Show simple item record

dc.contributor.authorHaaland, Thomas
dc.contributor.authorWright, Jonathan
dc.contributor.authorRatikainen, Irja Ida
dc.identifier.citationProceedings of the Royal Society of London. Biological Sciences. 2019, 286 (1916), .nb_NO
dc.description.abstractIn order to understand how organisms cope with ongoing changes in environmental variability, it is necessary to consider multiple adaptations to environmental uncertainty on different time scales. Conservative bet-hedging (CBH) represents a long-term genotype-level strategy maximizing lineage geometric mean fitness in stochastic environments by decreasing individual fitness variance, despite also lowering arithmetic mean fitness. Meanwhile, variance-prone (aka risk-prone) strategies produce greater variance in short-term payoffs, because this increases expected arithmetic mean fitness if the relationship between payoffs and fitness is accelerating. Using evolutionary simulation models, we investigate whether selection for such variance-prone strategies is counteracted by selection for bet-hedging that works to adaptively reduce fitness variance. In our model, variance proneness evolves in fine-grained environments (lower correlations among individuals in energetic state and/or payoffs), and with larger numbers of independent decision events over which resources accumulate prior to selection. Conversely, multiplicative fitness accumulation, caused by coarser environmental grain and fewer decision events selection, favours CBH via greater variance aversion. We discuss examples of variance-sensitive strategies in optimal foraging, migration, life histories and cooperative breeding using this bet-hedging perspective. By linking disparate fields of research studying adaptations to variable environments, we should be better able to understand effects of human-induced rapid environmental change.nb_NO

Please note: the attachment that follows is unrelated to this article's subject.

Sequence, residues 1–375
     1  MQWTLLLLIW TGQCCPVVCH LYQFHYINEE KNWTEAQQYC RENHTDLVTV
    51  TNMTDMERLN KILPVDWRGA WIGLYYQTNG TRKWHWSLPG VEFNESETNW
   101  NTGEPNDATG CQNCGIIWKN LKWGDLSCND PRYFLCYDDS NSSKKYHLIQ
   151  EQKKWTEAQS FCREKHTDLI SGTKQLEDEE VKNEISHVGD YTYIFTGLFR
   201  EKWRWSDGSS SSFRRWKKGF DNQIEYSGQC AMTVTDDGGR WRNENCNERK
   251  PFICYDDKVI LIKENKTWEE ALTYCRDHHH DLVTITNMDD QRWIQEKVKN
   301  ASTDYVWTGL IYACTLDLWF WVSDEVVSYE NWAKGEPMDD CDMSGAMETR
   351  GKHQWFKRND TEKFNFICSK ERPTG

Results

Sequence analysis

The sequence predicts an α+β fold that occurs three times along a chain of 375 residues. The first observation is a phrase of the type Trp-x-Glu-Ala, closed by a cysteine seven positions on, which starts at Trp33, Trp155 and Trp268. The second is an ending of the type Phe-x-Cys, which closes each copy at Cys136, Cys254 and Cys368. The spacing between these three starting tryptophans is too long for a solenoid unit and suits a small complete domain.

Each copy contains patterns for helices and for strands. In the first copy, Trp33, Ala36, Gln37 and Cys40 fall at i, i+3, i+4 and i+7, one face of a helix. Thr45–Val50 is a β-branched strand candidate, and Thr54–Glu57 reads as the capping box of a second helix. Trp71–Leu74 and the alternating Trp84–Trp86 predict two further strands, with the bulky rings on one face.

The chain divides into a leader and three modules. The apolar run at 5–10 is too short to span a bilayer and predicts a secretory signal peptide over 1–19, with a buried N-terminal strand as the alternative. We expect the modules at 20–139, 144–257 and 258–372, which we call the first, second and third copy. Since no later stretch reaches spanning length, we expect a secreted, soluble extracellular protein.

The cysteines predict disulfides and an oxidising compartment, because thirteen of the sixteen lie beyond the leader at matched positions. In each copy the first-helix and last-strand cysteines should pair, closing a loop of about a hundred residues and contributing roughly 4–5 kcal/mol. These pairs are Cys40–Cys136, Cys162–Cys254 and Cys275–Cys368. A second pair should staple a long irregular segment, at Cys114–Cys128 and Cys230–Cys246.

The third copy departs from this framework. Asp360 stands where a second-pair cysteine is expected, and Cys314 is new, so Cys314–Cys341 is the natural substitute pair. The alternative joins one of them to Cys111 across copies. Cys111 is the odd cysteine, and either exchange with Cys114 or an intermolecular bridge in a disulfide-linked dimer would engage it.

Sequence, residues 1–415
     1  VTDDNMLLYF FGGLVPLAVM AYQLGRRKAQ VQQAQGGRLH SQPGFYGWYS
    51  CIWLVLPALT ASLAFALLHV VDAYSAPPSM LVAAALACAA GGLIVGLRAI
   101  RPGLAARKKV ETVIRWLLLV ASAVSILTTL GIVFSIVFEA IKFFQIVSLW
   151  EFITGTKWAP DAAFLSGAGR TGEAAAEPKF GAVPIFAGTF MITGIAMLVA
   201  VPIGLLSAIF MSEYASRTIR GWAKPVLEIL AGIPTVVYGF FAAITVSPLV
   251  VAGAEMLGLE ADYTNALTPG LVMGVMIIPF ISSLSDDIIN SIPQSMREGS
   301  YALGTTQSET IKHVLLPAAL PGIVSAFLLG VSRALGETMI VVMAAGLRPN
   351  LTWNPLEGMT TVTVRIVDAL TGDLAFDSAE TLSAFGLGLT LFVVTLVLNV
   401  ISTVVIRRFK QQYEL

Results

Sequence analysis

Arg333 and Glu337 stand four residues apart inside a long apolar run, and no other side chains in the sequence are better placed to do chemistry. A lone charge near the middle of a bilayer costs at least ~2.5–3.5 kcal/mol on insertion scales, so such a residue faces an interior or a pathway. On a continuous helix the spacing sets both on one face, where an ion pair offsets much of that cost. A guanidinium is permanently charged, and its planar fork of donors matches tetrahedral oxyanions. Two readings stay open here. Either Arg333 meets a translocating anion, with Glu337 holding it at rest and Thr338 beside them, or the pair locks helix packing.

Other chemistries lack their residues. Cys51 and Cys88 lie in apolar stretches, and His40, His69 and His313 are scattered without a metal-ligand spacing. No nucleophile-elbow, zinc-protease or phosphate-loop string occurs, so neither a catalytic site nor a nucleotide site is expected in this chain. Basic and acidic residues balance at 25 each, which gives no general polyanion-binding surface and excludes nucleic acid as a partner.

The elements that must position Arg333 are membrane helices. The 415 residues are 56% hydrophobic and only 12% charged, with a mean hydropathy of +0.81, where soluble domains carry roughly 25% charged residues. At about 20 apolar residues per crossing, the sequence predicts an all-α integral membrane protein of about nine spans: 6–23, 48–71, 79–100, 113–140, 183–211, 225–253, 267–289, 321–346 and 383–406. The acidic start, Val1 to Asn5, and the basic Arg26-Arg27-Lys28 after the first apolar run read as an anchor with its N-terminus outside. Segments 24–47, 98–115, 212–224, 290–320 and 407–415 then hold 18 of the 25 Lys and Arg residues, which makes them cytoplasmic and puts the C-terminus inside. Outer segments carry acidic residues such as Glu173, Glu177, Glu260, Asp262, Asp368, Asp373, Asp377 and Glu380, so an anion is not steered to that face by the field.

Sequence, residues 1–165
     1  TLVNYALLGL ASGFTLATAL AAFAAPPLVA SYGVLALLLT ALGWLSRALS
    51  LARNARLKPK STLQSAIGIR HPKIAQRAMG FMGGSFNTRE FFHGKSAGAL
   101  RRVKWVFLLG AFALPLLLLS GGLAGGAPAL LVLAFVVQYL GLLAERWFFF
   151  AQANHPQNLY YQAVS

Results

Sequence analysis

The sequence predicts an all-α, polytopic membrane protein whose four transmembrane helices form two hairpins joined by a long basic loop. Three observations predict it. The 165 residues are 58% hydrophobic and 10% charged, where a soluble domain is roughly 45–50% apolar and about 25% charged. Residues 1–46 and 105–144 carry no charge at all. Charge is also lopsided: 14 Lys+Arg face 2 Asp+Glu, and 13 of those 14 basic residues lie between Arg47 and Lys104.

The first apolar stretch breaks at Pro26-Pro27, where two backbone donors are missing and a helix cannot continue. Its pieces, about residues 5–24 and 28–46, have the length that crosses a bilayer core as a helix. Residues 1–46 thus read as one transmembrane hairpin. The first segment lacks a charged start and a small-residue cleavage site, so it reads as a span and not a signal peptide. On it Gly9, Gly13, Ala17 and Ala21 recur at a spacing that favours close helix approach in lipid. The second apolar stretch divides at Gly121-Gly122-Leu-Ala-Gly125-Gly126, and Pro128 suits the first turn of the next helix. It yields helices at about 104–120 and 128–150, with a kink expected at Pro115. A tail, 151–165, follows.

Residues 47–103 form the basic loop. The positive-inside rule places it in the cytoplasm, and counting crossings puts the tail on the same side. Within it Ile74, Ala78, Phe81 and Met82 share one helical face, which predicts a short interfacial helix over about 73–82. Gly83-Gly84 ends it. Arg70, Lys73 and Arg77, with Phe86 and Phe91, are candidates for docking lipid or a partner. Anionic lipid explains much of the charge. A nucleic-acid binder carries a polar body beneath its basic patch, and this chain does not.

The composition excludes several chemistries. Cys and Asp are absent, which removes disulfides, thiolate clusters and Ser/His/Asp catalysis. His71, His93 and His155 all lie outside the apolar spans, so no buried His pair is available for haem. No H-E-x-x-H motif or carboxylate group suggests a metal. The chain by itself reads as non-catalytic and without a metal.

dc.description.abstractBet-hedging across generations can affect the evolution of variance-sensitive strategies within generationsnb_NO
dc.publisherThe Royal Society Publishingnb_NO
dc.rightsNavngivelse 4.0 Internasjonal*
dc.titleBet-hedging across generations can affect the evolution of variance-sensitive strategies within generationsnb_NO
dc.typeJournal articlenb_NO
dc.typePeer reviewednb_NO
dc.source.journalProceedings of the Royal Society of London. Biological Sciencesnb_NO
dc.relation.projectNorges forskningsråd: 223257nb_NO
dc.relation.projectNorges forskningsråd: 240008nb_NO
dc.description.localcode© 2019 The Authors. Published by the Royal Society under the terms of the Creative Commons Attribution License, which permits unrestricted use, provided the original author and source are credited. CC-BYnb_NO
cristin.unitnameInstitutt for biologi

Files in this item


This item appears in the following Collection(s)

Show simple item record

Navngivelse 4.0 Internasjonal
Except where otherwise noted, this item's license is described as Navngivelse 4.0 Internasjonal